4. There are obvious difficulties in the application of Section 197 or even its principles to the facts of this case. It is conceded that the Doloi is not removable from his office by the State Government. The District Council is the authority which can remove the Doloi from his office. Section 197 in terms applies to public servants or Judges over whom the Central Government or the State Governments have control. It cannot be applied to areas where District Councils with a certain amount of autonomy are functioning as the governing bodies.
If the section were applicable even then, it could not be argued that sanction from the District Council was necessary. The section itself merely provides for sanction in cases where the Central Government or the State Government are appropriate authorities for granting sanction. Clause 43 of the United Khasi-Jaintia Hills Autonomous District (Administration of Justice) Rules, 1953 provides that in criminal cases the procedure of the Subordinate District Council Court etc. would be in the spirit of the Code of Criminal Procedure so far as it is applicable to the circumstances of the district and not inconsistent with the rules.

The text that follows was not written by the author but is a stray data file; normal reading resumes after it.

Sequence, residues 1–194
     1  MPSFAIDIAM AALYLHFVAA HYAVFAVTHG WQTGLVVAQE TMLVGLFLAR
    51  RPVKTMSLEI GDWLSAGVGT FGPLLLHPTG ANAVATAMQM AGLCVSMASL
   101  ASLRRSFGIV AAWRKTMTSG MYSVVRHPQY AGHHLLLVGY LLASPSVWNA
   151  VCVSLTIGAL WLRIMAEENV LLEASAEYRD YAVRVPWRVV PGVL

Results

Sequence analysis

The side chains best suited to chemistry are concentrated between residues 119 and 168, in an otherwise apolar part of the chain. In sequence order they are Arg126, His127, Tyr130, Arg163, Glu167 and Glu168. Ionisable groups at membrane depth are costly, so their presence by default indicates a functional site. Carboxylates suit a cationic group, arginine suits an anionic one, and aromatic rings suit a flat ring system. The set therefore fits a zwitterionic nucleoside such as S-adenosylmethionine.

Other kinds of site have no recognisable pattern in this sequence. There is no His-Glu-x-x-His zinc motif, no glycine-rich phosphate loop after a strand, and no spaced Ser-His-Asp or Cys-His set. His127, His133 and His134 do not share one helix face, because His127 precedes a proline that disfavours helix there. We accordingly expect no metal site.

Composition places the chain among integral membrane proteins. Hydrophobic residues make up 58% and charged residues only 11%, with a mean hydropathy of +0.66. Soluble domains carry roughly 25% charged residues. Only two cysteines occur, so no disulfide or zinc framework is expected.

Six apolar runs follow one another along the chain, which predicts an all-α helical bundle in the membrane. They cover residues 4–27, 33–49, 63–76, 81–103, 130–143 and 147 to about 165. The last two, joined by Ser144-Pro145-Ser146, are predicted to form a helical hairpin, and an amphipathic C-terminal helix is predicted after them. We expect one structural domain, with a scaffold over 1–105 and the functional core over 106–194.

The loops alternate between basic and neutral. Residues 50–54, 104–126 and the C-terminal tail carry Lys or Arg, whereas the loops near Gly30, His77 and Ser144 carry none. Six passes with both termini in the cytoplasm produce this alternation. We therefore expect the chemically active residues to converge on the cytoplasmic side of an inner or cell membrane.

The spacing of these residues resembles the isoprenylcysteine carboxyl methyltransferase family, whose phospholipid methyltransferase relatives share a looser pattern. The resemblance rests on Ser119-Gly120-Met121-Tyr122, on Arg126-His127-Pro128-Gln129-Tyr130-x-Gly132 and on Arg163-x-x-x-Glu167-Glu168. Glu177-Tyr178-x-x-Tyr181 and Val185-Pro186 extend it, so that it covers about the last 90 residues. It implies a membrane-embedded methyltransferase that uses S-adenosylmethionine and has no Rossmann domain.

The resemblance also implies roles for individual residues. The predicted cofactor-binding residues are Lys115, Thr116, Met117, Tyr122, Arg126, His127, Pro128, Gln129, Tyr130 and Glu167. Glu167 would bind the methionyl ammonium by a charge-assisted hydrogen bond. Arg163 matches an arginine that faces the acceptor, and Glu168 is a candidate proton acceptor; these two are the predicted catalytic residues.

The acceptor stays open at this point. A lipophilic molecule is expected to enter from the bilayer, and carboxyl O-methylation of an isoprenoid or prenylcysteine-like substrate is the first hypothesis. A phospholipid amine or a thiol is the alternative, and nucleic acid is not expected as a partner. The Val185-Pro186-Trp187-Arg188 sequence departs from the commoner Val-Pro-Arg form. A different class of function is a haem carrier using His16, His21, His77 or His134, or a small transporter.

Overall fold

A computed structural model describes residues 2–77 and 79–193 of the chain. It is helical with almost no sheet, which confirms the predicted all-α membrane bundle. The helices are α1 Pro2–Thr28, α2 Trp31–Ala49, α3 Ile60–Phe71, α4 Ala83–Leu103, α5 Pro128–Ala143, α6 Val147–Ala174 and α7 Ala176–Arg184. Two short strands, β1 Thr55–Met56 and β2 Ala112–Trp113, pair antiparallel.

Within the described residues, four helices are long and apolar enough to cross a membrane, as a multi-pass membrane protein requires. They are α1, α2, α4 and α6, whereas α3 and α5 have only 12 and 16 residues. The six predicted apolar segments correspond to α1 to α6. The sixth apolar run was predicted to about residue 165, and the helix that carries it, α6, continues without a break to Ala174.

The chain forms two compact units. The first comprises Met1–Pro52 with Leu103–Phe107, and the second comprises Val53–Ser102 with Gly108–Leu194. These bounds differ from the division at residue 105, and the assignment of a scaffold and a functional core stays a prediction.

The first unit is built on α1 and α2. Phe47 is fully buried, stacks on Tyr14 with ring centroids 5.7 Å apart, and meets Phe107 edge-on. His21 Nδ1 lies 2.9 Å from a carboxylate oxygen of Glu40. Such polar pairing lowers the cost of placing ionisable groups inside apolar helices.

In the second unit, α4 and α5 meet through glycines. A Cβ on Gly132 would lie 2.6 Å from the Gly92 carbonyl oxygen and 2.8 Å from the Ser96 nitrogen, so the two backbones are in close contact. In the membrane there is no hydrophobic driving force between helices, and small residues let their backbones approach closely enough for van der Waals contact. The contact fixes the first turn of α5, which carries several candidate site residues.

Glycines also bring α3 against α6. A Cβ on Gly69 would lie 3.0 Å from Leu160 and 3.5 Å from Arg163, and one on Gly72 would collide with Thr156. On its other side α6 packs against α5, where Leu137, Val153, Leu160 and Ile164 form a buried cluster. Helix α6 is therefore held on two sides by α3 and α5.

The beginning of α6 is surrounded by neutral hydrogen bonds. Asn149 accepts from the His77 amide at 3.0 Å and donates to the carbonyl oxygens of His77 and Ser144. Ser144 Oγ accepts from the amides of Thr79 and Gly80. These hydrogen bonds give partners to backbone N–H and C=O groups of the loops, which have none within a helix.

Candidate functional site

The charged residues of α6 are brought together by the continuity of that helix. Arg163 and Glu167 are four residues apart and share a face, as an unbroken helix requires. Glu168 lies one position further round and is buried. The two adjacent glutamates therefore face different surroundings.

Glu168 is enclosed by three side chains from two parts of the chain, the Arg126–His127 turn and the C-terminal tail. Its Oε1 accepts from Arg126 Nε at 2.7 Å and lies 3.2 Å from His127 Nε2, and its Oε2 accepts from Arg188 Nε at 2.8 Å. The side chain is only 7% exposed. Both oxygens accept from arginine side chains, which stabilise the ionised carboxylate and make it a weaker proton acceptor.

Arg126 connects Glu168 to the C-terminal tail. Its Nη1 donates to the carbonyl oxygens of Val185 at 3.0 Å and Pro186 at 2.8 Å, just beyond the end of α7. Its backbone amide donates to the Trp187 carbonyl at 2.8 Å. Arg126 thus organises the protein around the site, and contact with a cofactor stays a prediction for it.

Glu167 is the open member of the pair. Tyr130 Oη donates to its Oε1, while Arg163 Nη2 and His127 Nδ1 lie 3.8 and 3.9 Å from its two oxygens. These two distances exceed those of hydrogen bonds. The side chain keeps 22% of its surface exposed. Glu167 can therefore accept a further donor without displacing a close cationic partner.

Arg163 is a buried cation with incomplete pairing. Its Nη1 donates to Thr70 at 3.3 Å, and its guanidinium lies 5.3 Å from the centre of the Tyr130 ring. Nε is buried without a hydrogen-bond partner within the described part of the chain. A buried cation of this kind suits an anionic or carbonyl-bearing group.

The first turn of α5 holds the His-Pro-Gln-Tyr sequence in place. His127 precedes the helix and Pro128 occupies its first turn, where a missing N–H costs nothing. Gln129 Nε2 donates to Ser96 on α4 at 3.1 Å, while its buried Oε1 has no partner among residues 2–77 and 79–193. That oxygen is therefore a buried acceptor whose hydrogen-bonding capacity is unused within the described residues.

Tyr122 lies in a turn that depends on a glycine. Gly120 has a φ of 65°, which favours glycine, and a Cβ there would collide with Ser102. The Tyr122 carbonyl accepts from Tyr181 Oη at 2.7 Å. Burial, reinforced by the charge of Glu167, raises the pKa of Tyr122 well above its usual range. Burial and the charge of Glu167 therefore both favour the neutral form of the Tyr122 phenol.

Now it is obvious that it is not possible to apply Section 197 in the circumstances obtaining in the Hill District with which we are concerned in this case. The letter of law cannot be invoked admittedly. The spirit of Section 197 cannot be given effect to. There are practical difficulties. There is no authority in the Hills which can exercise the power, which the State Government or the Central Government may in certain cases exercise in respect of public servants in the matter of granting sanctions,